A rel=canonical META tag link in a webpage hints to search engines including Yahoo!, Bing, and Google–about the preferred version of the webpage to index among duplicate pages on the web.
The rel=canonical link consolidates indexing properties from the duplicates, like their inbound links, as well as specifies which URL you’d like displayed in search results.
However, rel=canonical can be a bit tricky because it’s not very obvious when there’s a misconfiguration–Google Webmaster Centeral has listed 5 common mistakes and the best practises to follow with rel=canonical.
Below are the five mistakes:
Google says, that the first mistake that webmaster make is adding rel=canonical to the first page of a paginated series of articles.
“Specifying a rel=canonical from page 2 (or any later page) to page 1 is not correct use of rel=canonical, as these are not duplicate pages. And, using it in this instance would result in the content on pages 2 and beyond not being indexed at all,” explains Google.
In this instance, Google recommend either a rel=canonical from component pages to a single-page version of the article, or to use rel=”prev” and rel=”next” pagination markup.
Absolute URLs mistakenly written as relative URLs. “Relative URLs include a path “relative” to the current page. For example, “images/cupcake.png” means, while absolute URLs specify the full path–including the scheme like http://.”
In these cases, Google says its algorithms may ignore the specified rel=canonical–and whatever you had hoped to accomplish with this rel=canonical will not come to fruition.
Unintended or multiple declarations of rel=canonical
Unintentional rel=canonical happens –when a webmaster copies a page template without thinking to change the target of the rel=canonical. As a result, the site owner’s pages begin to specify a rel=canonical to the template author’s site.
Multiple rel=canonical links to different URLs happens most frequently in conjunction with SEO plugins that often insert a default rel=canonical link. In this case, Google bots ignores all the rel=canonical hints.
Category or landing page adds rel=canonical to a featured article
In this instance, Google will not include that category page in the search results. Because, the rel=canonical in this instance signals that you would prefer search engines to display the canonical URL.
However, to be able to find both the category page and featured article, it’s best to only have a self-referential rel=canonical on the category page only.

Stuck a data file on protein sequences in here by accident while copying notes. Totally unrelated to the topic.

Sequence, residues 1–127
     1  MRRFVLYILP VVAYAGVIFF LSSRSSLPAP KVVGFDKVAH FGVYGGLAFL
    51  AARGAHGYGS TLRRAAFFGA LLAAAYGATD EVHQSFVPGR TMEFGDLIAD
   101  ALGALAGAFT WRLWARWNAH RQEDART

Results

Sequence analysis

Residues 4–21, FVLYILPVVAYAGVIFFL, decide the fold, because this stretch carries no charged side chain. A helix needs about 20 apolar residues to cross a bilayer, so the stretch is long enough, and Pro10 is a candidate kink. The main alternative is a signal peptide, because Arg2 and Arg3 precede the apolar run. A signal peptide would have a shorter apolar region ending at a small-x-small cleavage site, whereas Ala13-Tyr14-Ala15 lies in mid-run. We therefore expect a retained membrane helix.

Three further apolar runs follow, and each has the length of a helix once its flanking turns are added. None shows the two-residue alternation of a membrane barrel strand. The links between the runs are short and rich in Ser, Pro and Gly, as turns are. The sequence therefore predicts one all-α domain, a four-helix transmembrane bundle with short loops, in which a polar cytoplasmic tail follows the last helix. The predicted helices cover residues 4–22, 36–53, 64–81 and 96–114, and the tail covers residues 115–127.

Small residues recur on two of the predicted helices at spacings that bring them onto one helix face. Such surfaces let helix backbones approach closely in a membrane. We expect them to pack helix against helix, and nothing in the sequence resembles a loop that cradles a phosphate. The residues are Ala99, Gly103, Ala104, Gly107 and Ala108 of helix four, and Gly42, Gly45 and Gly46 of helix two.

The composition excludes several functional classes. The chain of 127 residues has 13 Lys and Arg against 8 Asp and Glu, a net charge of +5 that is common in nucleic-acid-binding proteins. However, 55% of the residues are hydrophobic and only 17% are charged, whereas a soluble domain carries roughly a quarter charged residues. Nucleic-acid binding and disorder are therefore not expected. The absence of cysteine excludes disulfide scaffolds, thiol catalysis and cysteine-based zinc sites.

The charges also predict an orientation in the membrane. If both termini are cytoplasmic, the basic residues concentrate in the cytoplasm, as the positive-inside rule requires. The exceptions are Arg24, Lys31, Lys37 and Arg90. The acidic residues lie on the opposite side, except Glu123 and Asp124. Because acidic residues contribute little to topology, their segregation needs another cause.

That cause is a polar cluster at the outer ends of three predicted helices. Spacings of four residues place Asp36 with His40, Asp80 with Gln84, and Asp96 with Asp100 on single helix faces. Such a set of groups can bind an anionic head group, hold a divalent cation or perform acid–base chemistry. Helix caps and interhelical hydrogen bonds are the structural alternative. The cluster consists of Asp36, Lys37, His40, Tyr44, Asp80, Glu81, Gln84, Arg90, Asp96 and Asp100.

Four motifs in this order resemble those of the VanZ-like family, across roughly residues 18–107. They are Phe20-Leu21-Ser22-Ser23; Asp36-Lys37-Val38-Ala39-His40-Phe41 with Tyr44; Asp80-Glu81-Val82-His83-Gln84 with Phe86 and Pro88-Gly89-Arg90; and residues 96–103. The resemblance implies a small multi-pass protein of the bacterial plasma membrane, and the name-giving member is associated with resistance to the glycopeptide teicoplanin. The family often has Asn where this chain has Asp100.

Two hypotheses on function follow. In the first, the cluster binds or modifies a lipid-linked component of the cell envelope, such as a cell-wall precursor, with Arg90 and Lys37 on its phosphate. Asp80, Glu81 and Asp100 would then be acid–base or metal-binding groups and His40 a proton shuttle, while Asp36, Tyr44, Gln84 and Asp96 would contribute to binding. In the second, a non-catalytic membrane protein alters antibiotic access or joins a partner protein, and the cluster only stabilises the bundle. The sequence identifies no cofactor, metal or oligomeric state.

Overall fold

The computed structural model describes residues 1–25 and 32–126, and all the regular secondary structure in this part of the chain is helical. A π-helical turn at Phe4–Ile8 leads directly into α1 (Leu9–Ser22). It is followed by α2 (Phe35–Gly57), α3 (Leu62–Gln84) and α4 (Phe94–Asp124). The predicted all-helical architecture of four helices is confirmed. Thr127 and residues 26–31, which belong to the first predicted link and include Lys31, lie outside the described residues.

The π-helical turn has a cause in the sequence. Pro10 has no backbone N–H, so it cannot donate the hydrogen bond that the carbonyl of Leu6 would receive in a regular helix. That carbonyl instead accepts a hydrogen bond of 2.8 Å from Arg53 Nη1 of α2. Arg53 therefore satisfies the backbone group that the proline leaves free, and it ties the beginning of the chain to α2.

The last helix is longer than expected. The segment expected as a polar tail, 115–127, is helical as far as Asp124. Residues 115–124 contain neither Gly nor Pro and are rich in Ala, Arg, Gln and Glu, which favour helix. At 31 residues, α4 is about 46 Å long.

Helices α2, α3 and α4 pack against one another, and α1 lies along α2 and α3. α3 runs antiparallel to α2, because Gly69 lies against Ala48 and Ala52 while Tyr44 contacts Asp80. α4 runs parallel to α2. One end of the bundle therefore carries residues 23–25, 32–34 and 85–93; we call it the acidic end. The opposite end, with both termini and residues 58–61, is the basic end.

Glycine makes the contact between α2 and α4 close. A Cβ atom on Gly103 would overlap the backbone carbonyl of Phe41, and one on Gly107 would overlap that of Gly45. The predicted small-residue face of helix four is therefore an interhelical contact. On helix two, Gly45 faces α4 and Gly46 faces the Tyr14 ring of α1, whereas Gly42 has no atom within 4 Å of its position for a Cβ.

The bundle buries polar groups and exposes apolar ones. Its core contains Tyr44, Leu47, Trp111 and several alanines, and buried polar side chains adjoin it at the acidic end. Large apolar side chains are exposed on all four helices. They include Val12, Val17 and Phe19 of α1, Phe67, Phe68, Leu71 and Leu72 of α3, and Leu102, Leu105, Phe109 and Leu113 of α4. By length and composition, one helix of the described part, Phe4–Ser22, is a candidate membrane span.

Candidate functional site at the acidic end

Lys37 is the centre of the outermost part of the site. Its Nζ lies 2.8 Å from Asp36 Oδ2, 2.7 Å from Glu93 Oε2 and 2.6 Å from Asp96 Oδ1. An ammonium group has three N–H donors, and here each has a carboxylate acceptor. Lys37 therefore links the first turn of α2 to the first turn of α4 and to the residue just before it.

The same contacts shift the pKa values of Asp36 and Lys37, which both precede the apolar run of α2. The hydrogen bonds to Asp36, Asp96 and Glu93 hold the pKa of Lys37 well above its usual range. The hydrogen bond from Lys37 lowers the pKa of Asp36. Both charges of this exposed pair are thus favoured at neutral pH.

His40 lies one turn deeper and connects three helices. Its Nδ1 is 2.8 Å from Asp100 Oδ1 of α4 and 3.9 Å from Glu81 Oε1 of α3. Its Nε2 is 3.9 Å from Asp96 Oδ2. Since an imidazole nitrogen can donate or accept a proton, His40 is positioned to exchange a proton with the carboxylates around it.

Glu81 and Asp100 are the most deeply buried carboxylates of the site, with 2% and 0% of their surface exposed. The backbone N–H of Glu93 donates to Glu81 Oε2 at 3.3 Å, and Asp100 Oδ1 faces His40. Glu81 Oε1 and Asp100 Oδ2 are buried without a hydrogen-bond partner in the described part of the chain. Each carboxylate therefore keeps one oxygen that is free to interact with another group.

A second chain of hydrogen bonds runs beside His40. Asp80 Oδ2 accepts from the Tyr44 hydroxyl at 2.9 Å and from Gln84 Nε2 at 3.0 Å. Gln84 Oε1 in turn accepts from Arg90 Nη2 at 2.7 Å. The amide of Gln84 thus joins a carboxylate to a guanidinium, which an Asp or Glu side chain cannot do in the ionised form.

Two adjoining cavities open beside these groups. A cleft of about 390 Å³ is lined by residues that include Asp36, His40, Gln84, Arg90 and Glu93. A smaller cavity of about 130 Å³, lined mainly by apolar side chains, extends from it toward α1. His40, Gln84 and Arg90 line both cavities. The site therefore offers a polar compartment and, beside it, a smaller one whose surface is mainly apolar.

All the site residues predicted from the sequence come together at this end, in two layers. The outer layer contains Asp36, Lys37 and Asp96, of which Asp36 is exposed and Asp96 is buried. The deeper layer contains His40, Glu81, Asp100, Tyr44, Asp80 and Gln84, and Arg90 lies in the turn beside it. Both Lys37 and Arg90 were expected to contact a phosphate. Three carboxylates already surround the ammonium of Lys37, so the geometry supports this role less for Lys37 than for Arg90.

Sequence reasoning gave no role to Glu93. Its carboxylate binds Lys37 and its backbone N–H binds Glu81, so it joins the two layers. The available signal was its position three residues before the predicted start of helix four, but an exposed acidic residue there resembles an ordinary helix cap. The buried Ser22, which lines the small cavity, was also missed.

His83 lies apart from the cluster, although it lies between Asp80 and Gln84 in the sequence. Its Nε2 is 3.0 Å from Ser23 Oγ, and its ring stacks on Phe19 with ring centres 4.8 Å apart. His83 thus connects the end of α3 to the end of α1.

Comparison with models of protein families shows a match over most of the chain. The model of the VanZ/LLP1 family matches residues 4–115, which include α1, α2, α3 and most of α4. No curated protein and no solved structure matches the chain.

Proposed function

rel=canonical in the
when encountered is disregarded. As, it’s only to appear in the
of an HTML document as early as possible.
Best practices that Google recommend for using rel=canonical:
- “Verify that most of the main text content of a duplicate page also appears in the canonical page.
- Verify the rel=canonical target doesn’t contain a noindex robots meta tag
- Check that rel=canonical is only specified once (if at all) and in the
of the page.
- Check that rel=canonical points to an existent URL with good content (i.e., not a 404, or worse, a soft 404).
- Avoid specifying rel=canonical from landing or category pages to featured articles as that will make the featured article the preferred URL in search results.
- Specify no more than one rel=canonical for a page.
- A large portion of the duplicate page’s content should be present on the canonical version,” Google adds.
Update: Google Panda update rolls out this Friday or Monday, according to Google’s Distinguished Engineer Matt Cutts.
Also, Cutts has revealed that Google is working on a significant change to the Penguin algorithm. To paraphrase, Cutts the algorithm filter has “iterated” to date but there will be a “next generation” coming that will have a major impact on SERPs.
Also, in a new video, Cutts talks why your new page’s google search ranking may drop over the time.
“When we create a new landing page with quality content, Google ranks that page on the top 30-50 for targeted keywords. Then why does the rank get decreased for the next 2 to 3 weeks? If pages didn’t have required quality, then why did it get ranked in the first week?”
Cutts explains using the analogy of an earthquake said that sometimes, “Google has a hard time figuring out the original source of a new piece of content. But over time: days, weeks, months, Google is better able to figure out the most relevant result for a query due to indexing more signals over time. Thus, over time, the search results may settle down to a particular state; but early on, new pages may rank high and lose their rankings over time.”
In another video, Google Webmaster Central team discusses How Google’s Disavow Links Tool Can Remove Penalties?
And, this video from Google Privacy team helps you learn about cookies and how they help make websites more useful.
To learn more about how to stay safe online visit Google’s Good to Know website www.google.com/goodtoknow.